Florida Supreme Court Amends Rules for Appellate Review of Punitive Damages Claims

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The Florida Supreme Court approved earlier this year an amendment to the state’s rule of appellate procedure, a change that opponents say could block punitive damages in liability lawsuits.

In a 6-1 decision, the justices adopted a rule change that permits a party to seek immediate appellate review of an order granting or denying a motion to assert a claim for punitive damages. Previously, litigants had to wait until the trial’s conclusion before appealing any declared punitive damages. The new rule went into effect April 1.

Opponents of the new rule argue that the ability to appeal punitive damages claims during a lower court trial will delay the lawsuit by months, increasing litigation costs and discouraging many plaintiffs from seeking punitive damages in favor of a quicker outcome.

The rule change followed a 2020 request by the Florida Supreme Court for the state’s Appellate Court Rules Committee to propose rule amendments providing for the interlocutory appeal of nonfinal orders regarding the assertion of a claim for punitive damages. The Rules Committee and the Board of Governors of the Florida Bar approved the proposed amendment. After reviewing the proposal, considering comments and responses filed, and after hearing oral arguments, the Supreme Court adopted the proposed amendment.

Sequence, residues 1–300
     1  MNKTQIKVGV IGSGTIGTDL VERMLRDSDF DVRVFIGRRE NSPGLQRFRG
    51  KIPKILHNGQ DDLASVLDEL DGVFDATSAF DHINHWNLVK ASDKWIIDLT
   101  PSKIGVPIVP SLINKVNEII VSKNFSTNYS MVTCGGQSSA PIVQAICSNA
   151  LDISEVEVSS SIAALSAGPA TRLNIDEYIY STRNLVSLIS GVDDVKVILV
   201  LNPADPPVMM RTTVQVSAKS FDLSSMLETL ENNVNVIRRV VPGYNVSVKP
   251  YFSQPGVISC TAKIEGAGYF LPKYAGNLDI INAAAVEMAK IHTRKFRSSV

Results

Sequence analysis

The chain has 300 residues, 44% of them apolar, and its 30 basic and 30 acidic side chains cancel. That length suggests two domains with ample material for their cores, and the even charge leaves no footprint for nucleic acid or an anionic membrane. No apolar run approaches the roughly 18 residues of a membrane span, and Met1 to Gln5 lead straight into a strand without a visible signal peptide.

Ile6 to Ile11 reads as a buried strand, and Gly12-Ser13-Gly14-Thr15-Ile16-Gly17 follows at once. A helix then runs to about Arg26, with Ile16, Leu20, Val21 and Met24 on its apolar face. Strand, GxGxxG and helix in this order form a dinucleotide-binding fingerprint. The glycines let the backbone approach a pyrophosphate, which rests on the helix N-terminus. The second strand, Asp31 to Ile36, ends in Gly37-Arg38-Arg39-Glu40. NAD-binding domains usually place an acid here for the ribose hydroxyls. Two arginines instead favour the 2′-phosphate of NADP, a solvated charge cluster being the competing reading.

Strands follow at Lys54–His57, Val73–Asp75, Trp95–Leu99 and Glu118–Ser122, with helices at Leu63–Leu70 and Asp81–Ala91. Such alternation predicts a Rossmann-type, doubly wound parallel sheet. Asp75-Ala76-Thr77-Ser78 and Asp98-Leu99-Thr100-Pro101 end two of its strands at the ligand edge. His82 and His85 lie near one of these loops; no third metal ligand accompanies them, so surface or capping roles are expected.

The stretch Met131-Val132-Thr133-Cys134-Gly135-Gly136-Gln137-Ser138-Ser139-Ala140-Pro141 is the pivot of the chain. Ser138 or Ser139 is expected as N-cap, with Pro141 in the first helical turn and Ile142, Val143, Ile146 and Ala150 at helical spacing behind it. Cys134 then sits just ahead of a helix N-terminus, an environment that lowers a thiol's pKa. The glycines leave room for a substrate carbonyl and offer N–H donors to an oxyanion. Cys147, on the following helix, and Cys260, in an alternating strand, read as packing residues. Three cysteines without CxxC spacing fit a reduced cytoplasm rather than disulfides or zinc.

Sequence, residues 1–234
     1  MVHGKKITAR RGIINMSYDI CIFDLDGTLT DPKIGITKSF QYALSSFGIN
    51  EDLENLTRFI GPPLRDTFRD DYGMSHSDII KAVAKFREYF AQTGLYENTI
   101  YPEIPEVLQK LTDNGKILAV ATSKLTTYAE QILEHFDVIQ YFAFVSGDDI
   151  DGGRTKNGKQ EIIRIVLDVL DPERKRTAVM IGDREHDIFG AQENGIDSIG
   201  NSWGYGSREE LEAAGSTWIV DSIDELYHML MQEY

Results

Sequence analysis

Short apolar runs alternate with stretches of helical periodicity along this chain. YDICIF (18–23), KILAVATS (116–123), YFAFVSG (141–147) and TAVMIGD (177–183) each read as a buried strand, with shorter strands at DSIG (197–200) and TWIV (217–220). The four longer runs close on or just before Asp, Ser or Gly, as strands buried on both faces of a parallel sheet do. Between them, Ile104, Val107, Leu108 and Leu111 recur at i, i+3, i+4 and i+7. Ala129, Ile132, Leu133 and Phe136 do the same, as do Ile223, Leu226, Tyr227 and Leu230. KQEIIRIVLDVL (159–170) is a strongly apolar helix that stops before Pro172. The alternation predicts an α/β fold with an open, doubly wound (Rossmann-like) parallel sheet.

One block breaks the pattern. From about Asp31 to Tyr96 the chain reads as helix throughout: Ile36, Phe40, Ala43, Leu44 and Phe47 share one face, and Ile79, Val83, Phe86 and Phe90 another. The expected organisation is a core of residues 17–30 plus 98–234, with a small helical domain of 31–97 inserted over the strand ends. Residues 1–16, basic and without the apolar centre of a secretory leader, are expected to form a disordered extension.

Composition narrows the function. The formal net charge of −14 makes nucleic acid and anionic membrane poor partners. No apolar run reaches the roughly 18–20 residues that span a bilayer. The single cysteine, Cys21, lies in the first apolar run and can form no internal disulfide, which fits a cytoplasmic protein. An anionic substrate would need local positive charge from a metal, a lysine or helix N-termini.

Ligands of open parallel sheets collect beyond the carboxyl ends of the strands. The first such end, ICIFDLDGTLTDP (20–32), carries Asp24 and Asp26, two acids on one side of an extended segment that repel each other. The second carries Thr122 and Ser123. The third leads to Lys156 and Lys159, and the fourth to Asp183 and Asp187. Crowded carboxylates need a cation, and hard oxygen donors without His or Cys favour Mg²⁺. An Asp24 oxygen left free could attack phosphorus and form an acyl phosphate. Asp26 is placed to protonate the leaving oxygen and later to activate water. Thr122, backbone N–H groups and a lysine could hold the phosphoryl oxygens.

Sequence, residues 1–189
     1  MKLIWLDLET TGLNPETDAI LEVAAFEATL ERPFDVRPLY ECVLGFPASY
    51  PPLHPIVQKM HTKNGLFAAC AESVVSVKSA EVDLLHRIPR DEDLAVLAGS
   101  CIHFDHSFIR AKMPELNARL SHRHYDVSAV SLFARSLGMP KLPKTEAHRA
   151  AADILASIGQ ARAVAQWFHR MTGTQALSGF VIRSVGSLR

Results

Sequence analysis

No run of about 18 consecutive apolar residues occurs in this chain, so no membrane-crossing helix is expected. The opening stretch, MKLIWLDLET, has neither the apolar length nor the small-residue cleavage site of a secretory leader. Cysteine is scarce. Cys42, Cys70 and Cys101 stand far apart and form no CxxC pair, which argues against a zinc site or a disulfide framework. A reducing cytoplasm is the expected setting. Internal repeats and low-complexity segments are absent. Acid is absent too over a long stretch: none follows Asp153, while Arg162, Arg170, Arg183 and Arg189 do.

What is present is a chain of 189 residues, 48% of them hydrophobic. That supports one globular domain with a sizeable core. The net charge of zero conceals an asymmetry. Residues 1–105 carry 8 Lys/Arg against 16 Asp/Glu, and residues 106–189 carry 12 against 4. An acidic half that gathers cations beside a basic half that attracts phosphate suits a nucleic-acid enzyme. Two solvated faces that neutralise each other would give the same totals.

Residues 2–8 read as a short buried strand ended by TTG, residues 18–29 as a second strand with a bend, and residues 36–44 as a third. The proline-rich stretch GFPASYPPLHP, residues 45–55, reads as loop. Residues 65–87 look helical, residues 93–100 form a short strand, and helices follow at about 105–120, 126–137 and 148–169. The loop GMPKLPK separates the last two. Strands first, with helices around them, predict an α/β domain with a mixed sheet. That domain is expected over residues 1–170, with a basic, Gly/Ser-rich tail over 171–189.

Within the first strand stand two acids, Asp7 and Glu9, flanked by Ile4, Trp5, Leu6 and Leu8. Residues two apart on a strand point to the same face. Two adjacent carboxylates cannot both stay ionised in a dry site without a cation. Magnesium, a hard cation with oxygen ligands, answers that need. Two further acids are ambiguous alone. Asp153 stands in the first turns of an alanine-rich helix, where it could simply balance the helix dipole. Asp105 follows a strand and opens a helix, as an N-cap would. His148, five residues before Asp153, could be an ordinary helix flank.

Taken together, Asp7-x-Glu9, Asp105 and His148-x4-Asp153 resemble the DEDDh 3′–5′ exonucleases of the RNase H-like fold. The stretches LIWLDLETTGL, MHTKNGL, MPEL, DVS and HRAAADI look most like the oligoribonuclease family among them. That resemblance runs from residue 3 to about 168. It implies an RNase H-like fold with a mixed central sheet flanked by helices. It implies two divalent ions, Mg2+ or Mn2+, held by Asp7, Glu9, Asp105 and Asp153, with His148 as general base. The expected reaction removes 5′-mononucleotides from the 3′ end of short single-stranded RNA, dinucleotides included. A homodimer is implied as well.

“The unfortunate consequence of this drastic change in appellate procedure will be unnecessary and unwarranted delays in civil actions with claims for punitive damages,” wrote Justice Jorge Labarga in a dissent to the ruling. “Undoubtedly, once the interlocutory vehicle of appellate review is available, it is not unreasonable to expect that the losing party will choose to pursue an immediate appeal of the trial court’s order in most, if not all, cases, adding to the caseload of appellate courts. Once the trial court’s ruling is appealed, the case will necessarily stall at the trial level until the district court renders a ruling on whether the claim for punitive damages was properly permitted.

“Given this additional delay, it is also not unreasonable to anticipate that some claimants in civil cases may reluctantly forgo meritorious claims for punitive damages in order to avoid delay in bringing their cases to a final resolution. Of particular concern are tort cases involving personal injury, where claims for much needed medical and economic relief will stall until the question of punitive damages is resolved. Access to our judicial system with claims authorized by law should not be impeded by unnecessary delay and resulting additional expense.”

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